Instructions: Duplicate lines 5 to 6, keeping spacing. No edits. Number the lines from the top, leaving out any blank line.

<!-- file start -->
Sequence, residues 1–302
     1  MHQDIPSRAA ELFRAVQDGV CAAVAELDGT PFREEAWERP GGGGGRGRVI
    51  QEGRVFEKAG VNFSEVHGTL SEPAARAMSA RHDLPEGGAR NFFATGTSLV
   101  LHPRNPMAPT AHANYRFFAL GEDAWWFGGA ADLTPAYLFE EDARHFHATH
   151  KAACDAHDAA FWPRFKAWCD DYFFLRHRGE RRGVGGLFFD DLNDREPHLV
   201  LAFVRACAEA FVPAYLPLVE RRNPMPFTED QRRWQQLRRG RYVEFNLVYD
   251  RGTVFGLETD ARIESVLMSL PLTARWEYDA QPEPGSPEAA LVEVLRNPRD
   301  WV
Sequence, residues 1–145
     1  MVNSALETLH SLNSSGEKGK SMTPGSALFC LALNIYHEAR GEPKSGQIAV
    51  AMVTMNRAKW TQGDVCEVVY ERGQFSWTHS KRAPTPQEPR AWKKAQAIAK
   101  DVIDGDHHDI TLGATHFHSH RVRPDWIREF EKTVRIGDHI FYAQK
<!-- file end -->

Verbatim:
   151  KAACDAHDAA FWPRFKAWCD DYFFLRHRGE RRGVGGLFFD DLNDREPHLV
   201  LAFVRACAEA FVPAYLPLVE RRNPMPFTED QRRWQQLRRG RYVEFNLVYD